Perhaps Europeans are permanently disillusioned with politicians and know better than to expect them to improve. We see Americans as incurably optimistic, ever trusting in democracy to make the world better. Even though two decades in the United States have not made an American of me, I can't help but admire the spirit with which committed writers stick to their course and find myself stretched between philosophies. Neither in England, where I grew up, nor in Austria, where I lived later, does optimism define the way of life. We prefer to describe the state of affairs as it is rather than to paint ideal visions. We like music in a minor key and cry into our beer. Leonard Cohen's melancholy tone qualifies him for honorary European citizenship, and his popularity across the ocean testifies to our liking for thoughtful sorrow. I have been away from Europe too long to know how much or how little impact poets have on current affairs there now. Shelley's view of poets as the unacknowledged legislators of the world still strikes me as an anachronism rooted in a romantic age when people read more than entertainment magazines and the daily newspaper. Nonetheless, we have chosen our medium and must deal with it as well as we can.

Nadezda Mandelstam's book about her experiences and those of her husband, Russian poet Osip Mandelstam, brings out the major difference between totalitarian and democratic systems. In the former the ideas of an individual are valued and therefore stifled at inception should they be critical of the prevailing power. Osip eventually died because of a poem that was heard by a dozen people in a private gathering, never mind its being published. Someone betrayed the trust of a private reading of a poem describing Stalin in uncomplimentary terms, and Mandelstam went first into exile, and later to his death. Such was the paranoia of the dictatorship that ideas were stifled at inception. Our system values groups of people that translate into voting blocks, and therefore sees polls as more threatening than poetry.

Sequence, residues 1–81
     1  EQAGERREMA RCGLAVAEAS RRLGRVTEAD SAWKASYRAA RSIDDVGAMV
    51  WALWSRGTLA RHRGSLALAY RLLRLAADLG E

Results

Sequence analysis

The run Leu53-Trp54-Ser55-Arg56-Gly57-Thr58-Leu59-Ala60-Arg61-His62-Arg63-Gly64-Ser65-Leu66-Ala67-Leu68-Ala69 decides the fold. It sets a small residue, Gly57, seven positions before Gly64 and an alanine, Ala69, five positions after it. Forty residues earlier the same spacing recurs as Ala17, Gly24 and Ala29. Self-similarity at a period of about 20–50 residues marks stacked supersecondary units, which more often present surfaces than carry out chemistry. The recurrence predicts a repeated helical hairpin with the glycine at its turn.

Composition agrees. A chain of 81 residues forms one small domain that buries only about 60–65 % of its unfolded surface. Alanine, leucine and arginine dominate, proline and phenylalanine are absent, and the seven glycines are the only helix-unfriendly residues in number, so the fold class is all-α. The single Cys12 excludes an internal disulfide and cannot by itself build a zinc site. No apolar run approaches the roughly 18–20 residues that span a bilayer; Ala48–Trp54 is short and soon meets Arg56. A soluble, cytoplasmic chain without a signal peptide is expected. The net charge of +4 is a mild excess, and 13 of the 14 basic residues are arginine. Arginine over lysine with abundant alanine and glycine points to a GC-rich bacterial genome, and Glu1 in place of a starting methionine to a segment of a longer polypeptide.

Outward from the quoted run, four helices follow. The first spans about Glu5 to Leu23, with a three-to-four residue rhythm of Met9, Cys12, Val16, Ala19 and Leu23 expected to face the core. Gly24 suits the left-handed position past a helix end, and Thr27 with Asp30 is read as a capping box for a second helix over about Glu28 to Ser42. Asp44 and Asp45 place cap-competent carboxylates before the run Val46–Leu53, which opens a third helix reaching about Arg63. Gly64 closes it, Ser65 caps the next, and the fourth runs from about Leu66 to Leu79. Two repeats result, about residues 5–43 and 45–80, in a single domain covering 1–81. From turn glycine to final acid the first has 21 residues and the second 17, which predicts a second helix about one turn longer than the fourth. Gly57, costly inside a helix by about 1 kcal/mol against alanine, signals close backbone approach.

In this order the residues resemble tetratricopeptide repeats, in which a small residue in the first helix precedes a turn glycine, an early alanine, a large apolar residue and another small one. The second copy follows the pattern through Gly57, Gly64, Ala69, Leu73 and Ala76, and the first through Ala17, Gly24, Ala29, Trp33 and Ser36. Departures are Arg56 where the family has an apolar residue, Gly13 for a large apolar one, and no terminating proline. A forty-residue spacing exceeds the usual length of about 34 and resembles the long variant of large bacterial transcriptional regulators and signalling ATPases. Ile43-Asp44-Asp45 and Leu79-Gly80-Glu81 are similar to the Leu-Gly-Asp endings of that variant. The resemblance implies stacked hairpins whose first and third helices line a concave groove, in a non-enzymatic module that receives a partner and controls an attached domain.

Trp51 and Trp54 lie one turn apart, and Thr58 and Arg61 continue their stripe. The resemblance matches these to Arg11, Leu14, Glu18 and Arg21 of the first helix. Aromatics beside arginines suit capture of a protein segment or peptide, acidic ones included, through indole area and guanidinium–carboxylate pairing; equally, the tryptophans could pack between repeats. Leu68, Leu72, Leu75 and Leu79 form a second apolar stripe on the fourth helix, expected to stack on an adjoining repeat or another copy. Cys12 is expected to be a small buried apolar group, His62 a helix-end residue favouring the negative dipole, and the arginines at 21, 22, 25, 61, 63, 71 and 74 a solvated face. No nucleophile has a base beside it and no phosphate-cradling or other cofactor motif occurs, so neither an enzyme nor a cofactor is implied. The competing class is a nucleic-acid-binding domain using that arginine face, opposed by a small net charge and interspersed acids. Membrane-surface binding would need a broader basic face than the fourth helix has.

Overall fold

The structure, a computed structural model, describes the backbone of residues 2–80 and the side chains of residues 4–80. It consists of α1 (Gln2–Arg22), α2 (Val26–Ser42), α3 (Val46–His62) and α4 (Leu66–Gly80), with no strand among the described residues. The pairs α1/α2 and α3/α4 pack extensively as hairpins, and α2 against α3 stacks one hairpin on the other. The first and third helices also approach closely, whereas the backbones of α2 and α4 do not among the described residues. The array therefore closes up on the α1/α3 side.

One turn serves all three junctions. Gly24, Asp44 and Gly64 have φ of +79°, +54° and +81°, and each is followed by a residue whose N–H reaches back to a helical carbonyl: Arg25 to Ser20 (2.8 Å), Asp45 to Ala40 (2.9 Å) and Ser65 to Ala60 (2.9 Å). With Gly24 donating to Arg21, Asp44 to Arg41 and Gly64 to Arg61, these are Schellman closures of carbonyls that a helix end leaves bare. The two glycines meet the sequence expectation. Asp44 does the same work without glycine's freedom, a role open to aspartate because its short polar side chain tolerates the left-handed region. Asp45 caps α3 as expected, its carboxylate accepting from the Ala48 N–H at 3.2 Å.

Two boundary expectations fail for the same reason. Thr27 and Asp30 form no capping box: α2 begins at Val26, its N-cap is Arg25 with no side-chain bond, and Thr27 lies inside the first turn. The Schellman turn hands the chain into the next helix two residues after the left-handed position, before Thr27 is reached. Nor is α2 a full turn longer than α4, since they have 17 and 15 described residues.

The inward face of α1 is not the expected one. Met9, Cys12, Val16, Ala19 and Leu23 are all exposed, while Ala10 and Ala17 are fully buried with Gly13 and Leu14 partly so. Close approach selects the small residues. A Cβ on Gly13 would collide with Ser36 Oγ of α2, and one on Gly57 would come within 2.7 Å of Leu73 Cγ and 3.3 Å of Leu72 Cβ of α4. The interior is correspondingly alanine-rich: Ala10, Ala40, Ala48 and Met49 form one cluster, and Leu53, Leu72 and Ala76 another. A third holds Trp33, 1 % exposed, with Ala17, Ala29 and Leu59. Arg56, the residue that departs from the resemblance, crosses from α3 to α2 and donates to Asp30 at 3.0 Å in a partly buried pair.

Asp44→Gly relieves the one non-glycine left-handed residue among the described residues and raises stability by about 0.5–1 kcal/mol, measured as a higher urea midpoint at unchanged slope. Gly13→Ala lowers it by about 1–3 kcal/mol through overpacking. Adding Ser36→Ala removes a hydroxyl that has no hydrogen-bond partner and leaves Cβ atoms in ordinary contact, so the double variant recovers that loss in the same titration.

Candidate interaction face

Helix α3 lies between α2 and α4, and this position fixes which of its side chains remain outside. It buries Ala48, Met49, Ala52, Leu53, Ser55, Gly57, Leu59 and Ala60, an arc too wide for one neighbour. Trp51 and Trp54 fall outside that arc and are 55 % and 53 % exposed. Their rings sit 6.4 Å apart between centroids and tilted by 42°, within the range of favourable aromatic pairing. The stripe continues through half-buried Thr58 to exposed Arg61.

The opinions of the individual, no matter how scathing, are not viewed as threatening because they are easily countered. It may well be the democratic yearnings of the United States that create such difficulties for poets intent on taking on the status quo, yet the relative success in terms of visibility of poets whose work addresses more than the personal testifies to an appetite for issues addressed in lyrical terms. There was a brief flurry of poems, read over Public Radio for instance, as a temporary seriousness descended on the country and it sought comfort and substance, but talk of a nation united flourished as well and that is what disturbs me as we move on with a shadow draped across any voice of dissent, regardless of its eloquence.